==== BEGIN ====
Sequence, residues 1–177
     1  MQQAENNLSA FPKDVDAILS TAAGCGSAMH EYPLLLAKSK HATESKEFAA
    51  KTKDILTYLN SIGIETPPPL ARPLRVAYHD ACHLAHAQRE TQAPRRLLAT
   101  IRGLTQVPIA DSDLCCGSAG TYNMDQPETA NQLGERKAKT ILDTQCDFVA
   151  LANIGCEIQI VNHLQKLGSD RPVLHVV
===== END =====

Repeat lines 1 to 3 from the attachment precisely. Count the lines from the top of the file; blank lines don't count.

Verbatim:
Sequence, residues 1–177
     1  MQQAENNLSA FPKDVDAILS TAAGCGSAMH EYPLLLAKSK HATESKEFAA
    51  KTKDILTYLN SIGIETPPPL ARPLRVAYHD ACHLAHAQRE TQAPRRLLAT